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^ Correct as of June 2024.

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Managing your money while juggling everything else life throws at you can sometimes be tricky.

If you find yourself needing a quick cash boost to help you manage a surprise expense, or you want to fund home renovations, there are bank loans and loan products out there that can help.

We have lots of information on what could be the best loan types for you. And our loans eligibility checker can give you an idea of which bank loans and other options you’re likely to be accepted for before you apply, without affecting your credit score.

Once you know which type of loan you need, shop around and compare our best loans to help you find the right one for you.

With interest rates so high, how can I get the best loan deal?

The Bank of England base rate currently stands at 5.25%, the highest level since February 2008. With rates so high, the cheapest loans can be more difficult to find.

To improve your chances of getting the best loan deal for you, start by building your credit score. A good credit rating shows lenders that you can manage your finances responsibly and are a reliable borrower. This could give you access to better interest rates.

Shopping around can help you compare rates to see which are the most competitive. By using a comparison site like ours, you can check which loans you’re likely to be eligible for, without affecting your credit score, before you formally apply.

What’s the best type of loan for me?

The best type of loan for you will depend on your individual circumstances.

1. Unsecured loan

Also called personal loans, an unsecured loan typically allows you to borrow up to £25,000 without putting up a valuable asset as security.

2. Secured loan

A secured loan requires you to put up something you own as collateral – in the case of a homeowner loan, that would be your house. In the case of a secured car finance loan, that would be your car. You may be able to borrow larger sums of money with this type of loan, but if you can’t pay it back you could lose your home or your car.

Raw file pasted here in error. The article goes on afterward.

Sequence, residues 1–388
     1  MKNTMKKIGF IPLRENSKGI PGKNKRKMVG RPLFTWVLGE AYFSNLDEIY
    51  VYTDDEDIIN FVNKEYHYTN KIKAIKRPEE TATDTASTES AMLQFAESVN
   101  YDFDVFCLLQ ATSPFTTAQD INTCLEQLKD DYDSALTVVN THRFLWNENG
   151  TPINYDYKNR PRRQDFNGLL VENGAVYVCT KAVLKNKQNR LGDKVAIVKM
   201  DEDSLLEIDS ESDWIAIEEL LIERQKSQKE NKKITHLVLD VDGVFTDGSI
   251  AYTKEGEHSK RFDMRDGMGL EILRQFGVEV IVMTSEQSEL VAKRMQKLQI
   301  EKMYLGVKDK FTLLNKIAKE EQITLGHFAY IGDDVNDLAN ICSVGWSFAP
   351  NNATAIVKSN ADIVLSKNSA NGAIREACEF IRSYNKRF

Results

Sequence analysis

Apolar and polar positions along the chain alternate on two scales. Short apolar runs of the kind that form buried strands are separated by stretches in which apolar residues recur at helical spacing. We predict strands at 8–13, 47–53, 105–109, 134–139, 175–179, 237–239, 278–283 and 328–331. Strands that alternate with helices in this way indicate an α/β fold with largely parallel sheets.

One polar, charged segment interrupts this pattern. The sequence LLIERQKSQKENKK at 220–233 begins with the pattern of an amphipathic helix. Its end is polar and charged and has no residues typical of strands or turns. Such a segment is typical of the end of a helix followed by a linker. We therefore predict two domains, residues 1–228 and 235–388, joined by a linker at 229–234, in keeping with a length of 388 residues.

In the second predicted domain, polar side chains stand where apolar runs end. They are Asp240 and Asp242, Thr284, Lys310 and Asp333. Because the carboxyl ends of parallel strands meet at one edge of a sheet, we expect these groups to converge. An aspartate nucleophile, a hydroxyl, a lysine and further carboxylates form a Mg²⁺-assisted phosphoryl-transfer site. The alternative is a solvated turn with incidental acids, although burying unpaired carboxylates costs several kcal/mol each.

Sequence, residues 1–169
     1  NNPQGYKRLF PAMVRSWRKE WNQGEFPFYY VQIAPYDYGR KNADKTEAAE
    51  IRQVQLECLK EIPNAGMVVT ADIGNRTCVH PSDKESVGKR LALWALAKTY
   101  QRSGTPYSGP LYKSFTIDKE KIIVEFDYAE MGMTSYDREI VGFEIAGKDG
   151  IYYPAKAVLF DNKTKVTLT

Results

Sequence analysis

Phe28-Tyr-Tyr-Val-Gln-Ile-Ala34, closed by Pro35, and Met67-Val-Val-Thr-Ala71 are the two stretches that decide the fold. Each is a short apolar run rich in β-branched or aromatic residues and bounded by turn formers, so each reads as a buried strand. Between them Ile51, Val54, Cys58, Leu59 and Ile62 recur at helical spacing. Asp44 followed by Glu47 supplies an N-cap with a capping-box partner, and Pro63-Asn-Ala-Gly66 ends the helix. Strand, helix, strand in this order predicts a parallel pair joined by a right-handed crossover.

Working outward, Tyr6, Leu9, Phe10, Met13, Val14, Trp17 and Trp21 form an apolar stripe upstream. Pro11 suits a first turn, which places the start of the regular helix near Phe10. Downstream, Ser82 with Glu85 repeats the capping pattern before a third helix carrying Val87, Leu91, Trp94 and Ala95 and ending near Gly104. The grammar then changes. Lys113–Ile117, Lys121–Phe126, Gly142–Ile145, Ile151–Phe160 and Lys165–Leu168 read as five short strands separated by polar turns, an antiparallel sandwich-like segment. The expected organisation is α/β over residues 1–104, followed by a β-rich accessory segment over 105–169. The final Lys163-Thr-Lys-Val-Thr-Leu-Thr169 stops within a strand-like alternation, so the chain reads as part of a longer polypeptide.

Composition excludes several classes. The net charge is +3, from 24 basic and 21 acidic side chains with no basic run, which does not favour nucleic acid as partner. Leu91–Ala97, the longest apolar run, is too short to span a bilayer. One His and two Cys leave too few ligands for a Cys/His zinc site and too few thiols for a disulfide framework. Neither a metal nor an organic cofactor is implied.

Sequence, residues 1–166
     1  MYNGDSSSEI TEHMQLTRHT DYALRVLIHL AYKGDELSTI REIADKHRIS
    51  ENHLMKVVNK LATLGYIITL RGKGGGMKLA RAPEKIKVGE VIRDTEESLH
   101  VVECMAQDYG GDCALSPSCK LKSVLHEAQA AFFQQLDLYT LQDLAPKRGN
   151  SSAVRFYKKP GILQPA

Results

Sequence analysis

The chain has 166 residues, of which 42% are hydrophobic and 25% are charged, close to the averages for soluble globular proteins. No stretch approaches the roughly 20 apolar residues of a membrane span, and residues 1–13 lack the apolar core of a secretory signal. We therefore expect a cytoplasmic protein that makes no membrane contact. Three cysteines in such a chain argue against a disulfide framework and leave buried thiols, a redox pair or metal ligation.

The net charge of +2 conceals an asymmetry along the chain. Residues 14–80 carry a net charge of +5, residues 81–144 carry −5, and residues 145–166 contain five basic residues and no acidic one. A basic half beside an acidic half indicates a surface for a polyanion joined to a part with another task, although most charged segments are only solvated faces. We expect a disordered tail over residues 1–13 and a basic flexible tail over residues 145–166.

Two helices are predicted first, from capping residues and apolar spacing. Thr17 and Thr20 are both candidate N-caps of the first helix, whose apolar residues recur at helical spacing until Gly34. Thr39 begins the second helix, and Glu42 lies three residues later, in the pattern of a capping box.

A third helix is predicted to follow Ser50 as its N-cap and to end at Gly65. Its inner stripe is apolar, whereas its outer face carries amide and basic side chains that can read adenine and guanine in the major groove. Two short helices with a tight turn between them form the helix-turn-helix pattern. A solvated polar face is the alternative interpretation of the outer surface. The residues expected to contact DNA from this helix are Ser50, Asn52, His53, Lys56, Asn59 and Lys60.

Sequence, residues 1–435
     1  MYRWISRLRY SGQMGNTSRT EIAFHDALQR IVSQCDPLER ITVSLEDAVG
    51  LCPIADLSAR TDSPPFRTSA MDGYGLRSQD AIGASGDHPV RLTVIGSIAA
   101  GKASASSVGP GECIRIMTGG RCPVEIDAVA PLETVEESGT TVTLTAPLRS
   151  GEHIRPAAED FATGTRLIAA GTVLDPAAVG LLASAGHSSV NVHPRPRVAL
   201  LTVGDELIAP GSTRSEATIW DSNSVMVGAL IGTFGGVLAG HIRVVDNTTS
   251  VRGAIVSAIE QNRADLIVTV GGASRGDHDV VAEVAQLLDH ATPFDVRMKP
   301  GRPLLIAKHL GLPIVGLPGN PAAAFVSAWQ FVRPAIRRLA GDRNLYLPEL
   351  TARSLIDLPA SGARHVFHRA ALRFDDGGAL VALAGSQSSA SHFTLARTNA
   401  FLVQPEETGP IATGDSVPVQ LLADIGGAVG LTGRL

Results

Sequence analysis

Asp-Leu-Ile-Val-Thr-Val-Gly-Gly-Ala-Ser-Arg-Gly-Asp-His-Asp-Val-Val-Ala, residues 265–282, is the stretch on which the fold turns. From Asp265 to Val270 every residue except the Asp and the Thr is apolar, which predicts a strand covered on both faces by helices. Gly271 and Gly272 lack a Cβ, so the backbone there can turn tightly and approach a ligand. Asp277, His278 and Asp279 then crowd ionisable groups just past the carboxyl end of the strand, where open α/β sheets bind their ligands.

3. Guarantor loans

A guarantor loan could be an option if you have bad credit or no credit history at all. It’s an unsecured loan but is guaranteed by someone agreeing to make the loan repayments if you’re unable to.

You can’t compare guarantor loans with Compare the Market.

4. Peer-to-peer loan

With a peer-to-peer loan, you borrow money from an individual or a group of people instead of borrowing from a financial institution. Peer-to-peer websites connect you with people willing to lend to you, then act as intermediaries. Peer-to-peer loans are typically unsecured.

You can’t compare peer-to-peer loans with Compare the Market.

5. Bad credit loan

A bad credit loan is specifically aimed at borrowers who have a poor credit score or no credit history. This type of loan usually has a higher interest rate and tends to come with restrictions, such as a borrowing limit. Sometimes you’ll need a guarantor before a lender will approve your loan application.


See if you’re eligible for a secured, unsecured or bad credit loan by using our eligibility checker before you apply. It won’t impact your credit score.

Compare the Market Limited acts as a credit broker, not a lender. To apply you must be a UK resident and aged 18 or over. Credit is subject to status and eligibility.

What will my loan cost?

Understanding how much you’ll pay for your loan isn’t just a matter of knowing what the monthly repayments will be. You should also compare interest rates and look at what the loan will cost over the whole term – the total amount repayable.

Here’s an example for illustrative purposes only. It assumes there are no extra fees.

Loan amount Length of loan Monthly repayment
£5,000 2 years £229.73
APR Interest payments Total amount repayable
10% £513.55 £5,513.55

A shorter loan term will mean you pay less interest overall, but the monthly repayments will be higher.

A longer loan term will have lower monthly repayments, but you’ll pay more in interest overall. To get an idea of how much a loan could cost you, use our loan calculator.

What can I get a loan for?

You can get a loan to fund a variety of expenses and to consolidate existing loans or debts:

Unexpected expenses

Unsecured personal loans can be used to cover large, unexpected bills. For example, emergency repairs to your boiler or car.

Buying a car

Car loans include personal loans, which are unsecured, or hire purchase and personal contract purchase loans, which are secured against the vehicle you’re buying.

Home improvements

Looking to get a new kitchen or bathroom, or build an extension? A home improvement loan could help you fund your project. These loans can be secured or unsecured.


The best day of your life comes with a big price tag. Although you’ll want to pay for most of it yourself, a wedding loan could help you spread the cost.

Managing your money

A debt consolidation loan can bring all your debts together into a single loan with one payment plan. This type of loan tends to have a lower interest rate than other forms of credit.

Bridging the gap when selling your home

A short-term bridging loan could be used to ‘bridge the gap’ while you wait for the sale on your current home to complete.

Spreading the cost of a holiday

Ideally, you’d use your savings to pay for a holiday. But if you’re planning the trip of a lifetime, you might want to top up your savings with an unsecured holiday loan.